China’s state media took a swipe at Apple for allowing an app that let Hong Kong protesters track the location of police back into the App Store. The app, called Hkmap Live, uses reports from a Telegram group to share information about things like arrests and the use of weapons such as tear gas.
Apple could be among the companies having to censor certain apps and websites as a result of new proposed U.K. laws. Designed to combat “harmful” content online, the new laws would give censorship power to independent regulators tasked with overseeing apps and websites.
The view of “harmful” content is a broad one, including terrorism, self-harm, hate speech, child abuse, and more. It would mean that the U.K. government could have a say on the content that Apple sells or offers to customers in the United Kingdom.
Apple has reportedly banned an anti-abortion app from the App Store after complaints were made about it from “left-wing bloggers.”
Among the features of the Human Coalition app is a “Prayer Feed,” where users can access a real-time map of the United States, allowing them to join in with the prayers of other users on behalf of “abortion-determined families.”
The Electronic Frontier Foundation criticized tech companies that took action against white supremacist groups in the wake of deadly clashes in Charlottesville, Virginia.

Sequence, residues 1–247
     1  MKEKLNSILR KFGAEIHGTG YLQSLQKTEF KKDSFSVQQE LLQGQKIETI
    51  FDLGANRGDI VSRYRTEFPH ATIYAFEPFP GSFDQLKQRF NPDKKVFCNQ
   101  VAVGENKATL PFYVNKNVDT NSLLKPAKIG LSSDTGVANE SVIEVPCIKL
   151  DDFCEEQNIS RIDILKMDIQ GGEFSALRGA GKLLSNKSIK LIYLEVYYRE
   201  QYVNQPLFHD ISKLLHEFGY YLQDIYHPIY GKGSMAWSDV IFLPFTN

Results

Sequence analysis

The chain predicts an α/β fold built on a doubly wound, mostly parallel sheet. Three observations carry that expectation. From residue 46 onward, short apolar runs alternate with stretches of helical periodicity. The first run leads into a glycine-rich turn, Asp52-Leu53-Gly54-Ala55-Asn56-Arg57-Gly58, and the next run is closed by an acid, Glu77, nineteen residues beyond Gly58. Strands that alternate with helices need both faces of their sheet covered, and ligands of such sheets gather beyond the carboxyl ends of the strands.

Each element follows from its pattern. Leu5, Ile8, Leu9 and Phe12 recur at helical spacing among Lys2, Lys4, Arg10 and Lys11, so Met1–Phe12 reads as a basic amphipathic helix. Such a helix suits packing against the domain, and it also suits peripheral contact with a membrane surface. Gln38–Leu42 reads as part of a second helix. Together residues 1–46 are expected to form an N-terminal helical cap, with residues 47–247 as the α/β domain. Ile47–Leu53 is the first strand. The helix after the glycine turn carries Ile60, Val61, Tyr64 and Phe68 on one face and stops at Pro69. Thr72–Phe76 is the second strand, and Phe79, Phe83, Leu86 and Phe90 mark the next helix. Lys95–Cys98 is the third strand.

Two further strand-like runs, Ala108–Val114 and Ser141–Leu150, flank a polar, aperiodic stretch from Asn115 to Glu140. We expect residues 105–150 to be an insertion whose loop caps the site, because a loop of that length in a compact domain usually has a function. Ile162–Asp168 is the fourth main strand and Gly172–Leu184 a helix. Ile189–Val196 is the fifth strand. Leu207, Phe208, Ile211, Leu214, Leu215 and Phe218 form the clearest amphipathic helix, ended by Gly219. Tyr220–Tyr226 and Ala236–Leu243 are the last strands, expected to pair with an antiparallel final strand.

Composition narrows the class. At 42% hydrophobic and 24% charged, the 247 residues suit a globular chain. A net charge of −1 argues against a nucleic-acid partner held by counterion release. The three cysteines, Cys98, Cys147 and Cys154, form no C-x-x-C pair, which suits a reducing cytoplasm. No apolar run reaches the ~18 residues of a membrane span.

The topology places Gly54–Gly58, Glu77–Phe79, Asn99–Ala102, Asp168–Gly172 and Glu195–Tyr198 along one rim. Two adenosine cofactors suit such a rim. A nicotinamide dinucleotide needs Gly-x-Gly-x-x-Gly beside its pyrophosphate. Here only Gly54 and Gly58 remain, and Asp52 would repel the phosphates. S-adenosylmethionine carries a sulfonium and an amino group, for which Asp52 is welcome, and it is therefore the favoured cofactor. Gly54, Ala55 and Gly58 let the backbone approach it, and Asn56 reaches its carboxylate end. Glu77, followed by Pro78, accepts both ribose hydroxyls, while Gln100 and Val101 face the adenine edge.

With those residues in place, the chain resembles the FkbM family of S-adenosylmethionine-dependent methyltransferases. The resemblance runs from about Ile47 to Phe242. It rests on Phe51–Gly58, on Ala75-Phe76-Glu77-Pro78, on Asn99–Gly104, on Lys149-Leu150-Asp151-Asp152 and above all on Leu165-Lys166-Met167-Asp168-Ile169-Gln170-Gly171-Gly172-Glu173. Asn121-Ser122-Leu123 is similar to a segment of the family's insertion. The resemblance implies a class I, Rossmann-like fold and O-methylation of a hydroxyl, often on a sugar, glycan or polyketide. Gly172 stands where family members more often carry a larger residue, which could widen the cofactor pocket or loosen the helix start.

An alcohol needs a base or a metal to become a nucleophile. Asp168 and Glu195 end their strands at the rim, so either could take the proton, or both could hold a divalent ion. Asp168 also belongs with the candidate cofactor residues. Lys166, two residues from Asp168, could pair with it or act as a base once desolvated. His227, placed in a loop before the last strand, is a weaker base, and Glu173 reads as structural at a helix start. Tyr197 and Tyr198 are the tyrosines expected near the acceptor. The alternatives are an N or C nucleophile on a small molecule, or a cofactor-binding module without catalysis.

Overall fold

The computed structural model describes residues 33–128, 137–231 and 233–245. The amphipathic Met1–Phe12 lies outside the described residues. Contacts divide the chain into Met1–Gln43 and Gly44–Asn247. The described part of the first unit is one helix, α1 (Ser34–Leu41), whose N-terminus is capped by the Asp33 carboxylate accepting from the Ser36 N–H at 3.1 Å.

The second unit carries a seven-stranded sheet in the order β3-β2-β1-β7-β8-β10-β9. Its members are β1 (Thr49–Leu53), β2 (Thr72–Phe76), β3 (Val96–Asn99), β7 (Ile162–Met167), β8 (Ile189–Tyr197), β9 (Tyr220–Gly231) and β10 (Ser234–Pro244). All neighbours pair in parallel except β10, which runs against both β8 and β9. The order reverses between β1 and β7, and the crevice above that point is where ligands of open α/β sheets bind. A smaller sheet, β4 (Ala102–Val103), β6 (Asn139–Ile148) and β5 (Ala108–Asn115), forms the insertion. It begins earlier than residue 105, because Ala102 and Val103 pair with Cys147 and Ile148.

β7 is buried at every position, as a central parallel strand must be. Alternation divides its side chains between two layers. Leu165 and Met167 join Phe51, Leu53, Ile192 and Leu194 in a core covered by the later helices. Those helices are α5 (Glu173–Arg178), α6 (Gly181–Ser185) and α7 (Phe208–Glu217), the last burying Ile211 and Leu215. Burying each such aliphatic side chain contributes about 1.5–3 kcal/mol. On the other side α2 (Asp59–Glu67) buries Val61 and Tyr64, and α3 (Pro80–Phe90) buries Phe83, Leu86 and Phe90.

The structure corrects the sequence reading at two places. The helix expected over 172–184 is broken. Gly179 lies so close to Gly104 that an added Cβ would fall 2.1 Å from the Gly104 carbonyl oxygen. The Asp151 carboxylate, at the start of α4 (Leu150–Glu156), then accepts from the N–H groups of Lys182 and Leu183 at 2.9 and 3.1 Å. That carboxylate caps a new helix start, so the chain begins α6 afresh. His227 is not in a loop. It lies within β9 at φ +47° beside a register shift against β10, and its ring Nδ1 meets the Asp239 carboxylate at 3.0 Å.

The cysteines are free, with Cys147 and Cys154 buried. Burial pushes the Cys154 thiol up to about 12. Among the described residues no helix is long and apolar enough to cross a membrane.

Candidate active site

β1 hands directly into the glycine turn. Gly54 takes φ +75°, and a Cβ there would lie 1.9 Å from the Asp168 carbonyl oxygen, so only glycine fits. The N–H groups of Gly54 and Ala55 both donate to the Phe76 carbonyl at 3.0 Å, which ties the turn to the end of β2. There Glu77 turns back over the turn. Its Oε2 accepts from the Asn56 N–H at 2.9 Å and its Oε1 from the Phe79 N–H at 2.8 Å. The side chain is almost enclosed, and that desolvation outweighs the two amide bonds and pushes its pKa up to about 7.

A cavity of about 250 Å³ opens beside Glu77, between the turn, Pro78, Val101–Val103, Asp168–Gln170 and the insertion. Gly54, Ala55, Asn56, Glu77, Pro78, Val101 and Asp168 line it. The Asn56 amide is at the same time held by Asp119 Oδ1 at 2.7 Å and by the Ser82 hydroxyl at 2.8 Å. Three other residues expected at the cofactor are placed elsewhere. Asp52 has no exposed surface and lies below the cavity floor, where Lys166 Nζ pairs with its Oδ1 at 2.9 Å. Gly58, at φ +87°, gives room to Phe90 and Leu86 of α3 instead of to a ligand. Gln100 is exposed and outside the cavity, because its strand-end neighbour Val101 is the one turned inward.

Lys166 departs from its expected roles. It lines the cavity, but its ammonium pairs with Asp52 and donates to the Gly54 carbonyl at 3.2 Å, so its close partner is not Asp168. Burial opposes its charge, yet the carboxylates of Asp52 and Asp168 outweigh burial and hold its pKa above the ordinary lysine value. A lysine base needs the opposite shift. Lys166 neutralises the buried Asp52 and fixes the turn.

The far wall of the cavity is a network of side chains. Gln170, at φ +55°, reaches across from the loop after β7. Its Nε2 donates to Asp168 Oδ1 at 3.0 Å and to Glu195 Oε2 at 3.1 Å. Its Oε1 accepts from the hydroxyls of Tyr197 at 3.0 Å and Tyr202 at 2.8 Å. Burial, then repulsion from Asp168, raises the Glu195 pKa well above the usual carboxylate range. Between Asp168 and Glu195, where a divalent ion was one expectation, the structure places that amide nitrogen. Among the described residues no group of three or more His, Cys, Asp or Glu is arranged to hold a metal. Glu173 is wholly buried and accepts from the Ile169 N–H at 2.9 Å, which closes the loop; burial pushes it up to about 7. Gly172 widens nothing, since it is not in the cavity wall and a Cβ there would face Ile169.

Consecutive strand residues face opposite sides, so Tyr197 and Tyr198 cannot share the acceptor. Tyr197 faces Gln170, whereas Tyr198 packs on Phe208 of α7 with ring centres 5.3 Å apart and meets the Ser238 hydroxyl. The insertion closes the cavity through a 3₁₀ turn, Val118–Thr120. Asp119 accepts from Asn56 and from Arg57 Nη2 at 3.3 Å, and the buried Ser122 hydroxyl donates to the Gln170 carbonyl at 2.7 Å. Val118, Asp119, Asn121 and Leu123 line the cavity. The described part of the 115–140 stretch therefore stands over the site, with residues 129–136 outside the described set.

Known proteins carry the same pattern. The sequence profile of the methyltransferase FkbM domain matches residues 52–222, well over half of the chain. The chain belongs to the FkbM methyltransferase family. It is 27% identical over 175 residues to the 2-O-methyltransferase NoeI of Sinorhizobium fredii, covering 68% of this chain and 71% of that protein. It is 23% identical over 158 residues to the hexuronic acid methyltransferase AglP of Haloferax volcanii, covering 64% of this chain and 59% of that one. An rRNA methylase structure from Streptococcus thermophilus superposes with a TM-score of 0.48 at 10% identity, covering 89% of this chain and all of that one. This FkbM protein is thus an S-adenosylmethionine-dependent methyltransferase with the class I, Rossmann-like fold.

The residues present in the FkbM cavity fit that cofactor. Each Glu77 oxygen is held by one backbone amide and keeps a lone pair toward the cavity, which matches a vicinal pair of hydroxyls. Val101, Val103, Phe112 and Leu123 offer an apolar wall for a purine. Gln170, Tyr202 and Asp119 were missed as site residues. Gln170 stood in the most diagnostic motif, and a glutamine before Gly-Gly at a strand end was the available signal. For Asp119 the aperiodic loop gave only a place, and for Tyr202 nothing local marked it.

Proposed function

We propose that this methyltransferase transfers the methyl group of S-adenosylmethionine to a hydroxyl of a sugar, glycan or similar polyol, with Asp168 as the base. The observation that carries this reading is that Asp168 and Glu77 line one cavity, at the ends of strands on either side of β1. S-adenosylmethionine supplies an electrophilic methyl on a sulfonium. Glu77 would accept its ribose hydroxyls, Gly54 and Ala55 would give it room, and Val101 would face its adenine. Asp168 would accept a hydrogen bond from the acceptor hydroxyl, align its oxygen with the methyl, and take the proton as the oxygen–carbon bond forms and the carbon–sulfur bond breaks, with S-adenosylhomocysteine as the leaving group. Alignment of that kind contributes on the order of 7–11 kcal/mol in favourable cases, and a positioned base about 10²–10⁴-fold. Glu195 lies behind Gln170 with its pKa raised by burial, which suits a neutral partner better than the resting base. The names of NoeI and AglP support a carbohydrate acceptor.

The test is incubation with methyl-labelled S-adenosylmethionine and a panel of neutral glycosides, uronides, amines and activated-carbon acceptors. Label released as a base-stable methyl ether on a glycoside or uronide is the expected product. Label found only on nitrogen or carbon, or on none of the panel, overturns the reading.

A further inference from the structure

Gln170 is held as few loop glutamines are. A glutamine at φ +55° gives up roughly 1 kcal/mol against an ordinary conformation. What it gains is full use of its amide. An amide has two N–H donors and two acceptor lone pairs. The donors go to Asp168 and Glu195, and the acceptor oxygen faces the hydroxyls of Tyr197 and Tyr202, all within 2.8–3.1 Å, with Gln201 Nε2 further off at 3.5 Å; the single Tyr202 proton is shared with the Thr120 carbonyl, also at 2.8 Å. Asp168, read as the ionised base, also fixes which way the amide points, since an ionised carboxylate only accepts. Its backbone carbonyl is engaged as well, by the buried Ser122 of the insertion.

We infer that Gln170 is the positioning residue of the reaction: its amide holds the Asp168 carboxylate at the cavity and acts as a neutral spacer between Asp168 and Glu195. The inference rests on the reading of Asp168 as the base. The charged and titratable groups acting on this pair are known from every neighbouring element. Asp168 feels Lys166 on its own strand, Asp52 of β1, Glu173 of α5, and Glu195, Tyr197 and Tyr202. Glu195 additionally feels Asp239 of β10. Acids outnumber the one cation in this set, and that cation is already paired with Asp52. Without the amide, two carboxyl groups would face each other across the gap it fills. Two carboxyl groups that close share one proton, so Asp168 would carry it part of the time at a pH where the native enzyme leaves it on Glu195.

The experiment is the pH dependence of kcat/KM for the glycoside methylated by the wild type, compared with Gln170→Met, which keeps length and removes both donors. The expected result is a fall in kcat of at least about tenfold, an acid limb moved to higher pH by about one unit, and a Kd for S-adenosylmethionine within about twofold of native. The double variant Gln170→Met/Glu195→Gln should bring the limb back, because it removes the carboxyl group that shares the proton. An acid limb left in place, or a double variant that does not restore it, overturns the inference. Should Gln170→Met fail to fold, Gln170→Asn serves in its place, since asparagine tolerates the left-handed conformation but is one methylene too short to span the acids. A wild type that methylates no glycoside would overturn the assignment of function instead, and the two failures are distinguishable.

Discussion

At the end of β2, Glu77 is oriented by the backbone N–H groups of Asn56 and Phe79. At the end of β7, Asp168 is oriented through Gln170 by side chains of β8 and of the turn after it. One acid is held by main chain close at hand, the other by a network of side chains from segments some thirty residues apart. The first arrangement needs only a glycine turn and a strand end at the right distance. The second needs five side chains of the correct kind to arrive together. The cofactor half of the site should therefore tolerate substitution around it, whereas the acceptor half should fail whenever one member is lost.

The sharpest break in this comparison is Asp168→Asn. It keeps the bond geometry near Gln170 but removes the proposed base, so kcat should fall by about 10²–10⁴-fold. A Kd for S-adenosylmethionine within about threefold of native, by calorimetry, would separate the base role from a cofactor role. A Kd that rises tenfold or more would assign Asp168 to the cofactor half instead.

Quick to take a stand against hate groups, tech companies removed some neo-Nazi groups’ access to web servers and online services. But the EFF issued a statement reminding them of the slippery slope of censorship.
When there are complaints about censorship in the App Store, it’s usually developers arguing that Apple shouldn’t have removed a particular app for infringing on its often-vague user guidelines.
Billionaire entrepreneur Mark Cuban had something else in mind, however, when he sent a series of tweets claiming that Apple should boot Twitter off the App Store — until the social networking company finds a way of better removing “objectionable” material from its service.
Apple is turning away developers who try to submit apps with guns in their screenshots or icons. But this isn’t a case of Apple introducing new rules to the App Store, so much as it is one of the company finally enforcing rules that have been there all along.
Controversial cannabis-growing game Weed Firm has been booted out of the App Store.
Essentially Farmville for stoners, the app put you in the role of a marijuana dealer, as you try to grow your business (literally) and stay one step ahead of “thugs and cops.” Somehow making it past Apple’s usually stringent guidelines for adult content, the app had made it to the top of the App Store’s Top Free iPhone games prior to its expulsion.
Apple has clashed with comic creators over its decision to ban Matt Fraction and artist Chip Zdarsky’s Sex Criminals from selling on the iOS version of Comixology. The title, published by Image Comics, tells the story of two people whose orgasms give them the power to stop time (!).
Somewhat confusingly, at time of writing Apple was still selling the comic via its iBooks storefront.